Abstract
Security is a top concern in digital infrastructure and there is a basic need to assess the level of security ensured for any given application. To accommodate this requirement, we propose a new risk assessment system. Our system identifies threats of an application workflow, computes the severity weights with the modified Microsoft STRIDE/DREAD model and estimates the final risk exposure after applying security countermeasures in the available digital infrastructures. This allows potential customers to rank these infrastructures in terms of security for their own specific use cases. We additionally present a method to validate the stability and resolution of our ranking system with respect to subjective choices of the DREAD model threat rating parameters. Our results show that our system is stable against unavoidable subjective choices of the DREAD model parameters for a specific use case, with a rank correlation higher than 0.93 and normalised mean square error lower than 0.05.
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1 Introduction
Sharing and utilising others’ data can generate great value and improve collaborations among parties [1]. Digital data marketplace (DDM) is a distributed data trading platform that supports data and/or computes asset sharing and federation among consortium members to achieve a common goal [2]. An application area in which this concept is taking off is aviation. Multiple airline companies may share their aircraft data to predict the necessity of the air plane maintenance by training a machine learning model. They delegate their applications to a DDM infrastructure for better security and sovereignty. It is obviously a basic necessity for any DDM customer, such as for example an airline, to estimate the guaranteed security level of such digital infrastructures. To solve this problem, we propose a new system to assess the remaining risk of a specific application after applying security countermeasures of an existing infrastructure. The evaluation results can be used as guidelines to rank available DDM infrastructures in terms of guaranteed security.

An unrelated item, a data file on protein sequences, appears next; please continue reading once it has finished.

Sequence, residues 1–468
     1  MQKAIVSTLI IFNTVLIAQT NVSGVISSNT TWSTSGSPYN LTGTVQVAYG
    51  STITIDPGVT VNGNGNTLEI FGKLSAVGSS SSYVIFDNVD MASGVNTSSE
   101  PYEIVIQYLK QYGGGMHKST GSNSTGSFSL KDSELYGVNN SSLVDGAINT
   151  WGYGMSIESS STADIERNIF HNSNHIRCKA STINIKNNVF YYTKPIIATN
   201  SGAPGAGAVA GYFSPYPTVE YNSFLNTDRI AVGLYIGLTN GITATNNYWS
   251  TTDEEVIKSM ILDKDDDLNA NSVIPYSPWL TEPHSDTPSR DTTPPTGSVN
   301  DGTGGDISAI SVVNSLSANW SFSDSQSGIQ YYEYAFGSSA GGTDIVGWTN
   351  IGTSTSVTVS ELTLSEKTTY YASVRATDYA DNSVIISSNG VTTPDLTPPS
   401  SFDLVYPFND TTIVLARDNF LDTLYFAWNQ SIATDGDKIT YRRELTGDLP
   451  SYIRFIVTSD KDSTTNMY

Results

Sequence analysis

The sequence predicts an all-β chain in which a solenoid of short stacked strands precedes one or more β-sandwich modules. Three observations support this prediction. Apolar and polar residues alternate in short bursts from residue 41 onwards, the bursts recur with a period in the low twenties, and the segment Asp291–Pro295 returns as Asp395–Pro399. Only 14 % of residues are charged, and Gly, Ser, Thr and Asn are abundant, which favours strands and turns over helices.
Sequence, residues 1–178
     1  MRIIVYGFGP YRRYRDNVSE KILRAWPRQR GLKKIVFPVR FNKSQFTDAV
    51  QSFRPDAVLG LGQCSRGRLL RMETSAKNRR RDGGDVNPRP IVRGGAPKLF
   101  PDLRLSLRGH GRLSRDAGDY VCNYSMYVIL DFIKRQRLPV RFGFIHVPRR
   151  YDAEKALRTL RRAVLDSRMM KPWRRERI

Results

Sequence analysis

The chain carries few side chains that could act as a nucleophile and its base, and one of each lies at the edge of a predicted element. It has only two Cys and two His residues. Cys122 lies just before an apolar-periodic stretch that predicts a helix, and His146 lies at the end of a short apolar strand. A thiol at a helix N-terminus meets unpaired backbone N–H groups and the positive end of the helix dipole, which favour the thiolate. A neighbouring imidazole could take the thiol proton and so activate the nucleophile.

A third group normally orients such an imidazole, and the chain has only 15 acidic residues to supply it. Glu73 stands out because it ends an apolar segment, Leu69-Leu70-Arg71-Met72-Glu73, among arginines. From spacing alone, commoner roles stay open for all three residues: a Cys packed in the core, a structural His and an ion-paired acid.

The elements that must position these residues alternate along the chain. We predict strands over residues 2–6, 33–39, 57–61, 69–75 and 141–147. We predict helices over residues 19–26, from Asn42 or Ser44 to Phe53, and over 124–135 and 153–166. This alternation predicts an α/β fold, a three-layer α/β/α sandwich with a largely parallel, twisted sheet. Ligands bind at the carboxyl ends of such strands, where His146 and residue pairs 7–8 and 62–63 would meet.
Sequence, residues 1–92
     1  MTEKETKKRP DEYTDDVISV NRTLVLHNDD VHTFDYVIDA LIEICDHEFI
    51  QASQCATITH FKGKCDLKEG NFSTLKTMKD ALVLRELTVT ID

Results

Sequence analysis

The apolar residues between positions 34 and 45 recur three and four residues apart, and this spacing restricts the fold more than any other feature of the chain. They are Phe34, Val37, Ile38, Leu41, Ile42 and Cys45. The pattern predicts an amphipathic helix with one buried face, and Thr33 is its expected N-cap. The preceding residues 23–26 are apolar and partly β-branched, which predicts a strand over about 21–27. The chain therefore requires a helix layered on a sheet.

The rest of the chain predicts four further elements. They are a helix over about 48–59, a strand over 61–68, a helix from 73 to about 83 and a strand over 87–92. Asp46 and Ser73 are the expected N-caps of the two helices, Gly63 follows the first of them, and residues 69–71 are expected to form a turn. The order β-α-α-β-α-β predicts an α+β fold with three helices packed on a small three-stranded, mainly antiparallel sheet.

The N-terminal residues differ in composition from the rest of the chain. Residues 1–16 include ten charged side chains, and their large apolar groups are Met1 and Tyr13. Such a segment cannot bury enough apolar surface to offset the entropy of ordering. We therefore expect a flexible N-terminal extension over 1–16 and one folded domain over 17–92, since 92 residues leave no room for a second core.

There are studies proposing methodologies to assess the security levels provided by digital infrastructures, e.g. clouds [3,4,5]. These works only estimate the total security strength provided by the infrastructures according to the applied security countermeasures. They do not consider the influence of concrete applications on the obtained security level. Different applications may have different threats and the severity level of each threat may also change with applications.
The Microsoft STRIDE/DREAD model applies risk attributes, e.g. Damage and Affected Users, to measure the likelihood and impact of exploiting a vulnerability. Most recent work use the STRIDE/DREAD model to rank threats based on their severities. More recently, this has been proposed in IoT frameworks [6, 7], and in cloud environments [8]. However, we adopt the model to compute the relative importance of each threat [9]. We also propose the new risk attributes for the DREAD model to fit the context of a DDM use case and define more finegrained definitions of these attributes and their corresponding levels in our system to gain more objective assessment results.
Our system identifies threats semiautomatically by splitting the input application into transaction lists, assigns severity weights of each threat and estimates the final risk exposure after applying security countermeasures in the available digital infrastructures.